Methods: This cross-sectional study comprised 999 children and adolescents (534 boys) aged 7-14 years from the south of Brazil. Body mass index (BMI), waist circumference (WC), waist-to-height ratio (WHtR) and percentage of body fat were assessed. Participants were classified as normal weight, overweight and obese according to BMI. CRF was evaluated by the 6-minute run/walk test. . A continuous CMRF score was calculated by summing the Z-scores of the following variables: systolic and diastolic blood pressure, glucose, total cholesterol, high-density lipoprotein cholesterol and triglycerides. Data analysis was performed using partial correlation and linear regression models.

Results: BMI, WC, WHtR and percentage of body fat mediated the relationship between CRF and CMRF in overweight/obese boys and girls but not those of normal weight. Additionally, the percentage of the influence of each obesity parameter was 20% for BMI and WC, 16% for percentage of body fat and 18% for WHtR in girls. For boys, the mediation effect was 25% for BMI, 26% for WC, 28% for percentage of body fat and 25% for WHtR.

Conclusion: Adiposity plays a central role in CMRF; therefore, maintaining an adequate weight status should be an important objective of health-promoting programmes in early age.

: CMRF, cardiometabolic risk factors; CRF, cardiorespiratory fitness; BMI. body mass index; HDL-c, high-density lipoprotein cholesterol, PROCESS PROESP-Br, Projeto Esporte Brasil; SPSS, Package for Social Sciences; TC, total cholesterol; TG, triglycerides; WC, waist circumference; WHtR, waist-to-height ratio; %BF, percentage of body fat.
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http://dx.doi.org/10.1080/20469047.2020.1838758DOI Listing
October 2020

Child's body mass index and mother's obesity: the moderating role of physical fitness.

Eur J Pediatr 2021 Mar 17;180(3):843-850. Epub 2020 Sep 17.

Roya Kelishadi. Child Growth and Development Research Center, Research Institute for Primordial Prevention of Non-Communicable Disease, Isfahan University of Medical Sciences, Isfahan Province, Isfahan, Iran.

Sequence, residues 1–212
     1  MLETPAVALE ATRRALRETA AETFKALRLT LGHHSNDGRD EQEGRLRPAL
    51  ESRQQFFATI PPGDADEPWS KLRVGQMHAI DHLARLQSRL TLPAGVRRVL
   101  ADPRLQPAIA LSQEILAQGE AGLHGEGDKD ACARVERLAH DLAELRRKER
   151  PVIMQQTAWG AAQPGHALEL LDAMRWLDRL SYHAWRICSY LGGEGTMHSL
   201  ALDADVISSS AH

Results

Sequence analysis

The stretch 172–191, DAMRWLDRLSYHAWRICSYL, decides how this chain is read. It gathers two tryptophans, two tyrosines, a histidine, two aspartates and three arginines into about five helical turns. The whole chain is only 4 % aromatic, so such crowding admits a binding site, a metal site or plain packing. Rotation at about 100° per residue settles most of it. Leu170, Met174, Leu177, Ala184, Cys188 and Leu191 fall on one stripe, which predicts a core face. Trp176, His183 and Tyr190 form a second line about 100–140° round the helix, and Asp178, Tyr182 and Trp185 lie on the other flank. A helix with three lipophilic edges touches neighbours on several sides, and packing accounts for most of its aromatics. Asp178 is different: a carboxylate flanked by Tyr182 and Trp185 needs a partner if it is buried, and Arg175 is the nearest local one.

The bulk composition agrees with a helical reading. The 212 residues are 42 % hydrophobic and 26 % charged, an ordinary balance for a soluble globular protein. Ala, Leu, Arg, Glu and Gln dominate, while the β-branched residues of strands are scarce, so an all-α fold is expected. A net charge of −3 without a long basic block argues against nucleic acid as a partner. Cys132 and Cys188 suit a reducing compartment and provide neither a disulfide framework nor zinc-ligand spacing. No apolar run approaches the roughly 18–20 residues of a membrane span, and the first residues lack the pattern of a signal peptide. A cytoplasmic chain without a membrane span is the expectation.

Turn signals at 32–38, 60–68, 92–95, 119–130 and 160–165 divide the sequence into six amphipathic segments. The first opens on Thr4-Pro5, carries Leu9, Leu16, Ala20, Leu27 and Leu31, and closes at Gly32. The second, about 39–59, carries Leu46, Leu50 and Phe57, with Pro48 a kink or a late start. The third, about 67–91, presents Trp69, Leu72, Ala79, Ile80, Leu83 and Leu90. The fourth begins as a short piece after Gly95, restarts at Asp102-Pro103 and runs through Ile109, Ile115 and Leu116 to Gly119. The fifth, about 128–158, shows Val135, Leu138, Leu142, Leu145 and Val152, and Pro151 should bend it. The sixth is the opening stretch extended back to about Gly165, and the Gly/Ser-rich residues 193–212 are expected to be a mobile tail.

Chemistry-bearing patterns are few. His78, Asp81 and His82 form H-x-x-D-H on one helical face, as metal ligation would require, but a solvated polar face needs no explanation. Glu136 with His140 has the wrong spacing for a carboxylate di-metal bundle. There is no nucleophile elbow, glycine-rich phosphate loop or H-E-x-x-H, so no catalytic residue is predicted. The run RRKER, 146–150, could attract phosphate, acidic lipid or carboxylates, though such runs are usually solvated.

The aim of this study was to verify the association between children's body mass index and their mother's obesity, considering children's physical fitness as a possible moderator. Cross-sectional study developed with 1842 children and adolescents, aged seven to 17 years, from Santa Cruz do Sul-RS, Brazil. Body weight and height were assessed to determine body mass index. Cardiorespiratory fitness was determined by the 6-min walk/run test and muscular strength through the lower limb strength test. Mother's perception of obesity was self-assessed. Moderation was tested through a SPSS program extension. Results indicated that higher children's body mass index (p < 0.001) and lower levels of cardiorespiratory fitness (p = 0.001) and muscular strength (p = 0.035) were associated with mother's obesity. Likewise, higher body mass index (p < 0.001) and lower cardiorespiratory fitness (p < 0.001) in adolescents were associated with maternal obesity. Moreover, physical fitness moderates the relationship between body mass index and mother's obesity in children (cardiorespiratory fitness: β = - 0.006; 95% CI = (- 0.010, - 0.001); muscular strength: β = - 8.415; 95% CI = (- 12.526, - 4.304)) and in adolescents (cardiorespiratory fitness: β = - 0.004; 95% CI = (- 0.008, - 0.0008); muscular strength: β - 2.958; 95% CI = (- 5.615, - 0.030)).Conclusion: increasing physical fitness is an important strategy to protect youths from high body mass index, when their mothers are obese. What is Known: • Mother's obesity is associated with their children's body mass index. • Parents' obesity is associated with their children's physical fitness What is New: • Cardiorespiratory fitness and muscular strength are moderators in the relationship between mother's obesity and BMI of their children. • Children and adolescents with high cardiorespiratory fitness and muscular strength levels are protected against elevated body mass index, considering mother's obesity.
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http://dx.doi.org/10.1007/s00431-020-03810-5DOI Listing
March 2021

Relationship between sleep duration and TV time with cardiometabolic risk in adolescents.

Environ Health Prev Med 2020 Aug 21;25(1):42. Epub 2020 Aug 21.

Graduate Program in Health Promotion, Department of Health Sciences, University of Santa Cruz do Sul (UNISC), Av. Independência, 2293, Santa Cruz do Sul, RS, 96815-900, Brazil.

Objective: To verify the association between sleep duration and television time with cardiometabolic risk and the moderating role of age, gender, and skin color/ethnicity in this relationship among adolescents.